Even contributing to research with "negative" results is necessary. For instance, a therapy studied may not relieve symptoms as was hoped. But without a study being done, this may not have been known. Now, doctors know they can avoid such therapy with their patients. Thus those that contribute to studies of this nature can still be glad they helped advance the knowledge of treatments most beneficial.

Dr. Niloo Afari, Associate Director of the Washington CFS Cooperative Research Center knows the value of patient participation in CFS studies. This CFS specialist comments that "whether in a clinical study designed to assess the safety or effectiveness of a device or new treatment, or as a healthy control subject being used as a standard for comparison, without willing individuals to volunteer their time to research studies, many advances (treatments, cures, etc.) would never be made."

Does it Cost to Participate?

Often in such studies the care and treatment is provided without charge. Some studies even provide financial compensation for your time, travel and inconvenience. Others involve costs they may be covered by your insurance. As these details vary from trial to trial, be sure and ask up front.

Are The Studies Safe?

Stringent protocols are followed to ensure studies are safe. If it’s a new drug that is being tested, you can be sure that much laboratory and animal testing has been done before it is being offered to you. Institutional Review Boards, Data Monitoring Committees and even FDA inspections also come into play to ensure participants are protected.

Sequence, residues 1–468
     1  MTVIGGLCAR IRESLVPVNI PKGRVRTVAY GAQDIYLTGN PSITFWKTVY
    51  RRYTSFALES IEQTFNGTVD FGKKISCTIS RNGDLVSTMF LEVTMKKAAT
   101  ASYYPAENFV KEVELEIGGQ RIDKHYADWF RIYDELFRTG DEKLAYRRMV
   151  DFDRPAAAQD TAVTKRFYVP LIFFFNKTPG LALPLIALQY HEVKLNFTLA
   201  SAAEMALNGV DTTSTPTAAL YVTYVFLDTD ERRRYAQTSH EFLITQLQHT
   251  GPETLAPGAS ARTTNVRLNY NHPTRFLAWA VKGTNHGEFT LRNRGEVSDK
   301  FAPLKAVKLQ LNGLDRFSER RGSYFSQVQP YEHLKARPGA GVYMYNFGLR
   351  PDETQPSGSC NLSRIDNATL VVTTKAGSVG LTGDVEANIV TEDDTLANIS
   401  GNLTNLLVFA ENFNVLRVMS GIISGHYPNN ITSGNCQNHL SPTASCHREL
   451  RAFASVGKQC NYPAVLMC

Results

Additionally at all times participation is voluntary. To determine whether you feel comfortable with a particular trial you first need to read a general description of the study, usually provided on the Internet. If you agree to meet with study coordinators, they will explain and answer questions regarding what will be done. You will also be able sign written consent papers, which make clear all that is involved. Even after you have signed, however, you can feel free to back out at any time.

You should understand that there can be disadvantages or risks associated with any trial. At a minimum there may be inconvenience because of the time or travel required. There is the possibility of unpleasant medication side affects. Other tests may aggravate your symptoms. Such problems are temporary, but you will need to weigh the factors in light of your condition to determine whether you want to volunteer.

How Do You Find Appropriate Trials?

Until recently the standard way to learn of trials was through your treating physician. But not all doctors are able to keep up with ongoing research. Another more effective way to learn of trials is by contacting organizations that deal with your condition.

For those with CFS or FM several organizations track ongoing studies (see list below). Three organizations have been designated and funded by the U.S. government to study CFS in particular. These are led by Dr. Benjamin Natelson in New Jersey, Dr. Dedra Buchwald in Washington and Dr. Nancy Klimas in Miami. You can check the web sites for these research centers or contact them by phone.